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Your computer is watching you too

It's not just your phones. Today, the Wall Street Journal reports "Apple gathers information from some Apple Macintosh computers connected to Wi-Fi networks, and Google collects data from Wi-Fi-connected computers that use Google's Chrome browser or search 'toolbar.'" Sometimes the companies ask users to collect this data, sometimes, the companies can't ask. What happens to this data? We're not always sure.

From the Journal:

Google says the collection process works like this: the computer scans the area around itself to find available Wi-Fi networks, and then the Google Toolbar or the Web browser sends the Wi-Fi access-point information back to Google's location database. Google "anonymizes" and aggregates the information.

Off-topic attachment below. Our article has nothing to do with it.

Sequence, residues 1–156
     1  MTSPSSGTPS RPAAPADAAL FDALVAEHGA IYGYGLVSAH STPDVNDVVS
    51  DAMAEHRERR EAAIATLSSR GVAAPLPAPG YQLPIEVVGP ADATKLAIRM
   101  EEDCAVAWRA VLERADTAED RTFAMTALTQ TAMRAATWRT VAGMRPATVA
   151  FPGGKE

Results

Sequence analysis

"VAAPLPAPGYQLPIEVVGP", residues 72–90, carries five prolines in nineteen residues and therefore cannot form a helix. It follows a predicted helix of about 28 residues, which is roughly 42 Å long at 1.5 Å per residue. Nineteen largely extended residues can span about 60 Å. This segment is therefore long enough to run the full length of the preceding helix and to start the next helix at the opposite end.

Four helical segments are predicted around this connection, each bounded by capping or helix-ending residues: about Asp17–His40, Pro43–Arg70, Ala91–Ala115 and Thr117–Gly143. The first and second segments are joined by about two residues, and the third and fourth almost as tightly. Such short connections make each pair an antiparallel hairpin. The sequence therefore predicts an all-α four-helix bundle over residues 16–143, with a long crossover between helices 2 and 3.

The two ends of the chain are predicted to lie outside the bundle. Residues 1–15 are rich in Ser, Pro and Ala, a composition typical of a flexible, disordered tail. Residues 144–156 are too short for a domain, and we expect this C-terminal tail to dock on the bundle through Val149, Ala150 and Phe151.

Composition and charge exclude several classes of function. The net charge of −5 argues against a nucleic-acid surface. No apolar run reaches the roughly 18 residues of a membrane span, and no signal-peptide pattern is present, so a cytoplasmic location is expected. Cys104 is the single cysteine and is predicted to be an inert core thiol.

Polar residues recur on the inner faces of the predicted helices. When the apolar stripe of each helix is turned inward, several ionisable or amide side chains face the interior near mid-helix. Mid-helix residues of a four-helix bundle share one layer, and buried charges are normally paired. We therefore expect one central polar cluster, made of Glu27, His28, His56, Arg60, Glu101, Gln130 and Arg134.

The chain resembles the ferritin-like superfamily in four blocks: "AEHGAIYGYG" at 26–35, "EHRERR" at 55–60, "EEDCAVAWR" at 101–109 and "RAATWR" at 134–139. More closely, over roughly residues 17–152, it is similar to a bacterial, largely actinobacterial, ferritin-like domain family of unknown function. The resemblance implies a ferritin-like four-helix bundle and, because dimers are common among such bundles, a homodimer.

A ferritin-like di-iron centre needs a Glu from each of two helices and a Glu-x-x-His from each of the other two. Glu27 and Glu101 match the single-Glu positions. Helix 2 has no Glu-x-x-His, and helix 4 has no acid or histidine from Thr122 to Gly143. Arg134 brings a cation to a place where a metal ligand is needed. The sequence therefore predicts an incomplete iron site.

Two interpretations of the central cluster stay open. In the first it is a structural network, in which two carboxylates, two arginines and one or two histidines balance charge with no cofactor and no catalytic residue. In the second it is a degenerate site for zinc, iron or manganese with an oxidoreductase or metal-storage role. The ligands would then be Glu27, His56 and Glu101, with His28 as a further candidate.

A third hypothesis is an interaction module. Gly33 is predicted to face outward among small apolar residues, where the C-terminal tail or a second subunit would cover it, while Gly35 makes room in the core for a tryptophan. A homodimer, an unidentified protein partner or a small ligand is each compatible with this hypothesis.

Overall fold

Apple disclosed its location-gathering practices in a letter last year to Reps. Edward Markey (D., Mass.) and Joe Barton (R., Texas). According to the letter, Macintosh computers running the "Snow Leopard" operating system send the company information about a computer's location if the user is connected to the Internet through a Wi-Fi network and is using location-based services, such as asking the computer to automatically identify the local time zone.

The data is "collected anonymously, and is stored in a database accessible only by Apple," the letter said. Users can prevent the information from being collected by turning off "location services" in the "security" menu under "system preferences" on the computer, it said.

About the author

John Moe is the host of Marketplace Tech Report, where he provides an insightful overview of the latest tech news.
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